What is real and what is not? Good question I think, and one that harks back to long evening – or rather early mornings – in university rooms over cans of cheap lager and tea. I think that in broad terms most of us walk through life in a mix, grounded in one way with what is immovable and fixed but away with the fairies in our own heads. At times, one or the other dominates. Sometimes it is cold reality time – the exhaust fell off the car and no amount of daydreaming is going to fix it (or pay for the inevitable repair bill). Then there are the times when what exists within our heads dominates what is outside, because we want it to, as we delude ourselves that the object of our desire really does love us (tomorrow she’ll change her mind and come around, obviously) or actually that coat you bought on a whim and makes people physically sick when they see it will eventually come into fashion.
The musings on this largely comes from finally catching up – ten years late – with the excellent ‘Life on Mars’, the main pleasure of which (apart from the wonderful creation that is Philip Glenister’s Gene Hunt) I having a good discussion with the Lovely Wife afterwards on what the blessed sakes it was all about and what was real and what was not, and whether in fact the whole point is more that what you perceive as being real is more important than any empirical measure that might exist. You believe that something is real, then, to you at least, it is indeed real.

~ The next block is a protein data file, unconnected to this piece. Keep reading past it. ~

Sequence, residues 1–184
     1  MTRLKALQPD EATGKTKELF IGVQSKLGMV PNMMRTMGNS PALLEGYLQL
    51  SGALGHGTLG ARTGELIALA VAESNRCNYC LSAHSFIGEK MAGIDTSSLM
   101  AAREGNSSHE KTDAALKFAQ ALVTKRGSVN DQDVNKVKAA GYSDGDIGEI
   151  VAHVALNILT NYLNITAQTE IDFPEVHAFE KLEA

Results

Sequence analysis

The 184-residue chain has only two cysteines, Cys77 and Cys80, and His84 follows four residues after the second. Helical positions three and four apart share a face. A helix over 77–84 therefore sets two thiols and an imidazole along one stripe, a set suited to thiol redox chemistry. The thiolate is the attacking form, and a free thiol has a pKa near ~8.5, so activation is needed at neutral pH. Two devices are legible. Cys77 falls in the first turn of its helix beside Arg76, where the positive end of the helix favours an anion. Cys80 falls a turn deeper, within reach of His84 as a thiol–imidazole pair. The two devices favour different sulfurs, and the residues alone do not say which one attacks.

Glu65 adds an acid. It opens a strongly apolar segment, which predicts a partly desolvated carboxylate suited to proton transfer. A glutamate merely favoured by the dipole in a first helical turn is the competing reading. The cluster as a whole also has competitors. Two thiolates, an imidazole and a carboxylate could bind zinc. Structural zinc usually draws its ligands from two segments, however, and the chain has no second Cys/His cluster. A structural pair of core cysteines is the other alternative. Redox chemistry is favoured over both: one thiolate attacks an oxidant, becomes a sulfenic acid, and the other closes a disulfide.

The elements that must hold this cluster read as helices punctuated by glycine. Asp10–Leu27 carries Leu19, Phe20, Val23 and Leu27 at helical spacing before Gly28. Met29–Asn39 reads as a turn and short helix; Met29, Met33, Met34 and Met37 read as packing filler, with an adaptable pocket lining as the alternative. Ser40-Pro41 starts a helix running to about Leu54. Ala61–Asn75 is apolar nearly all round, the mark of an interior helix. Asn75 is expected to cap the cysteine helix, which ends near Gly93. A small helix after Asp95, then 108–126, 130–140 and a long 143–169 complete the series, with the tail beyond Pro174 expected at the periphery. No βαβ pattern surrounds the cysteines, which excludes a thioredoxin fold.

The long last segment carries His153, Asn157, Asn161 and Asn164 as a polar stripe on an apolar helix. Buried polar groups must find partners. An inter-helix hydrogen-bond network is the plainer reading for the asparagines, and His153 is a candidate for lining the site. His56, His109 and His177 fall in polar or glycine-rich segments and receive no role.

The fact of the matter is that none of us has the identical view of what is real – we cannot have. We might generally agree on some broad approximations by conscious or unconscious consensus but if you dig into the detail we will eventually disagree. As I am writing this I am wearing a blue T-shirt. I think it is quite a pale, bright, blue. But it is not blue, I am perceiving it as blue, and a shade. My eyes are picking up the light signals and my brain translating those as this specific shade of blue, and therein lies the source of difference. Anyone else seeing this T shirt might pick up the same data (let’s assume our eyesight is equivalent) but that other person is not going to see the same shade of blue. They may not even see it as blue at all, depending on how their brain processes the data. We do not, cannot, have the same view of ‘reality’ and while in the interests of fairness I might say that both of our views of reality might be valid, in the final reckoning they are not. For me, only one reality is valid, and it is the one that my brain has cooked up. The rest of you are deluded, poor things.
In many ways, I would love to see how someone else perceives the world, and to be able to compare world views, but I do not think that is ever possible as it will always be through the filter of my own grey matter that would distort any such input. I would be fascinated to know how those with elements of synaesthesia perceive the world; this is where the perception of sense is different from that seen by the majority; people talk of ‘hearing’ colour or ‘tasting’ music. I have always thought that would be fascinating, and again it all relates to that processing by the brain. But, as I say, I’ll just have to use my imagination.
This week’s soundtrack: ‘Even Better that the Real Thing’ by U2